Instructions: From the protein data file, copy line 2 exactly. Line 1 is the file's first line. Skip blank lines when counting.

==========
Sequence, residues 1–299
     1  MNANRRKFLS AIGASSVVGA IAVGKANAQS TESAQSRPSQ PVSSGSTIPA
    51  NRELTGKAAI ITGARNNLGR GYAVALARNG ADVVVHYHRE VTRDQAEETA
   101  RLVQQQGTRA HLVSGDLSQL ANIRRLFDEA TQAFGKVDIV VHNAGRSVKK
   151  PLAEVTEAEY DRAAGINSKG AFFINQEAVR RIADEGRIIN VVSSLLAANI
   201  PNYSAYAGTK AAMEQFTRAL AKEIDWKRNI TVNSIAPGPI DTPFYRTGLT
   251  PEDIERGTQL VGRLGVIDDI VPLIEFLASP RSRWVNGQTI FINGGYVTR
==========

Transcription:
     1  MNANRRKFLS AIGASSVVGA IAVGKANAQS TESAQSRPSQ PVSSGSTIPA